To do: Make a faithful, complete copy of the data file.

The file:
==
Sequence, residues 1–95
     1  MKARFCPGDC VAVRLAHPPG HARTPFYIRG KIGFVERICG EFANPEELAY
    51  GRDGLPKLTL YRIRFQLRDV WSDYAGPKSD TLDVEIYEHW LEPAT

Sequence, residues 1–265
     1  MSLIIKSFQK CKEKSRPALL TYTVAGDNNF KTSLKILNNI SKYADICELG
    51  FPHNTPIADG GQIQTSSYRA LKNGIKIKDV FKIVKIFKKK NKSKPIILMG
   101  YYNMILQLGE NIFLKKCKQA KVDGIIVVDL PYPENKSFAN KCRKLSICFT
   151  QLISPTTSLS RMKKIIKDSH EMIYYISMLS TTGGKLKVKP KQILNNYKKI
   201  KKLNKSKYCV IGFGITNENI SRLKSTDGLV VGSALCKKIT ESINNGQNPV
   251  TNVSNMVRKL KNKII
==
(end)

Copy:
Sequence, residues 1–95
     1  MKARFCPGDC VAVRLAHPPG HARTPFYIRG KIGFVERICG EFANPEELAY
    51  GRDGLPKLTL YRIRFQLRDV WSDYAGPKSD TLDVEIYEHW LEPAT

Sequence, residues 1–265
     1  MSLIIKSFQK CKEKSRPALL TYTVAGDNNF KTSLKILNNI SKYADICELG
    51  FPHNTPIADG GQIQTSSYRA LKNGIKIKDV FKIVKIFKKK NKSKPIILMG
   101  YYNMILQLGE NIFLKKCKQA KVDGIIVVDL PYPENKSFAN KCRKLSICFT
   151  QLISPTTSLS RMKKIIKDSH EMIYYISMLS TTGGKLKVKP KQILNNYKKI
   201  KKLNKSKYCV IGFGITNENI SRLKSTDGLV VGSALCKKIT ESINNGQNPV
   251  TNVSNMVRKL KNKII